ABOUT THIS BOOK
Worries about scientific objectivity seem never-ending. Social critics and philosophers of science have argued that invocations of objectivity are often little more than attempts to boost the status of a claim, while calls for value neutrality may be used to suppress otherwise valid dissenting positions. Objectivity is used sometimes to advance democratic agendas, at other times to block them; sometimes for increasing the growth of knowledge, at others to resist it.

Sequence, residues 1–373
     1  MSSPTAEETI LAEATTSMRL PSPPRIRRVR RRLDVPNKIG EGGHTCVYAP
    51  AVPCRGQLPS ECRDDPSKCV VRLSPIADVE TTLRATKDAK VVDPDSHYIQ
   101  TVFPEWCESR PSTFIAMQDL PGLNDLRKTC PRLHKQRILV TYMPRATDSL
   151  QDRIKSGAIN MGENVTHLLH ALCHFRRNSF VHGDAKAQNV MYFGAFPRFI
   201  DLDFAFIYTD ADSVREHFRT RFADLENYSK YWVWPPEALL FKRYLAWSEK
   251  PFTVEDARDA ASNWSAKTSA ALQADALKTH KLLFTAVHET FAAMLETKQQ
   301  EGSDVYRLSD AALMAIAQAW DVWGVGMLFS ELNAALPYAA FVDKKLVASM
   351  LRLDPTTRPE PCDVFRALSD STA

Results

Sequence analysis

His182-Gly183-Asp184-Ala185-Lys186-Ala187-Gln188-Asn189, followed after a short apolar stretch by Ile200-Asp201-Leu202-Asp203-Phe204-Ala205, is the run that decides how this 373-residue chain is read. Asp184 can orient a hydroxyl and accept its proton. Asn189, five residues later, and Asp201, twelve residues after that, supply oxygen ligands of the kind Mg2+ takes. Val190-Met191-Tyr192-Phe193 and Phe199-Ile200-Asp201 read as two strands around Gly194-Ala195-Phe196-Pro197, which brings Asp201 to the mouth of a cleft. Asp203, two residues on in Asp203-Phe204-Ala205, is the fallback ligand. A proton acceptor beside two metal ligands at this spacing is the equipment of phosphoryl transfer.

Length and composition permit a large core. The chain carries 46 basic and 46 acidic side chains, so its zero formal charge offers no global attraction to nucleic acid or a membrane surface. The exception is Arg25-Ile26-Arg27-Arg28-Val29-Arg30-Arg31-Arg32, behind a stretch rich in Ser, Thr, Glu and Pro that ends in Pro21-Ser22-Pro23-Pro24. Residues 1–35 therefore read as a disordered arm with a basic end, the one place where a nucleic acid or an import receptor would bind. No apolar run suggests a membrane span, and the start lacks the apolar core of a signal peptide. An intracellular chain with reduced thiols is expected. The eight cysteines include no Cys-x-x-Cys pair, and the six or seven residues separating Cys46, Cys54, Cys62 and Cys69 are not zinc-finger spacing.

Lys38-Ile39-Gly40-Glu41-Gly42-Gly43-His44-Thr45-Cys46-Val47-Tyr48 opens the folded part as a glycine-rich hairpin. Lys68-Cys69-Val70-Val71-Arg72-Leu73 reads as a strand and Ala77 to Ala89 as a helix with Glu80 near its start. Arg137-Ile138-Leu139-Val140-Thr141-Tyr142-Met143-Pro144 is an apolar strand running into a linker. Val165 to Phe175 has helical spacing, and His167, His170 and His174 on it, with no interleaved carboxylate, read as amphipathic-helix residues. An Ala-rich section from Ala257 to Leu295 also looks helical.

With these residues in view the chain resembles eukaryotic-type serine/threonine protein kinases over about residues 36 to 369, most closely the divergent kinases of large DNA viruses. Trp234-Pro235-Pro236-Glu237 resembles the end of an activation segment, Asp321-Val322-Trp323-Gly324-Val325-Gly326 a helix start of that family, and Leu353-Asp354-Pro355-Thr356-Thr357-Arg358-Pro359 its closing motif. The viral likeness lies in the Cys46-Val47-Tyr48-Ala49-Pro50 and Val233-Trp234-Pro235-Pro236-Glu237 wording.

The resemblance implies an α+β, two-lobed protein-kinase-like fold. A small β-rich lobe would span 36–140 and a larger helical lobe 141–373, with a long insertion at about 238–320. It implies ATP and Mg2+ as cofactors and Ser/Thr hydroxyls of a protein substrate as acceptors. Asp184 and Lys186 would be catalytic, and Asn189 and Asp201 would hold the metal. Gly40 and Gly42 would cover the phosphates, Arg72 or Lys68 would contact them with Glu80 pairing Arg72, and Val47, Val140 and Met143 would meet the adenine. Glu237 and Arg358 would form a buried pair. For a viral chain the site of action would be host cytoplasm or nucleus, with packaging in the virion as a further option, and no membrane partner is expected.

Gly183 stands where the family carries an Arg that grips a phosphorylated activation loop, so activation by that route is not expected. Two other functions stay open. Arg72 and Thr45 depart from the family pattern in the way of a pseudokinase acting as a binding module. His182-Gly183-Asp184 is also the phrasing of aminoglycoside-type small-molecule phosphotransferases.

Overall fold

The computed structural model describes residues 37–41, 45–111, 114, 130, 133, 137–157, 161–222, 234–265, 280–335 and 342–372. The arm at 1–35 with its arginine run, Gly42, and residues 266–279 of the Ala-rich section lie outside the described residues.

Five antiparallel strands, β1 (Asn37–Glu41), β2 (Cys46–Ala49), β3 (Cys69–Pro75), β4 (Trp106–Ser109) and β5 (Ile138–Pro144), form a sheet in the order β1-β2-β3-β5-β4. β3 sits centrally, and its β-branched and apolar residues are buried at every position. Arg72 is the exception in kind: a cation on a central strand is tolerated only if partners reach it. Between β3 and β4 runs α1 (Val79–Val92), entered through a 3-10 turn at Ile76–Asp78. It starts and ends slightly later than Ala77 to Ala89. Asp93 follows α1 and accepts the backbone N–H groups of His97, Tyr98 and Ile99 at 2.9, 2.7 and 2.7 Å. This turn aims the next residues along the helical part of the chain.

Sandra Harding is not ready to throw out objectivity quite yet. For all of its problems, she contends that objectivity is too powerful a concept simply to abandon. In Objectivity and Diversity, Harding calls for a science that is both more epistemically adequate and socially just, a science that would ask: How are the lives of the most economically and politically vulnerable groups affected by a particular piece of research? Do they have a say in whether and how the research is done? Should empirically reliable systems of indigenous knowledge count as "real science"? Ultimately, Harding argues for a shift from the ideal of a neutral, disinterested science to one that prizes fairness and responsibility.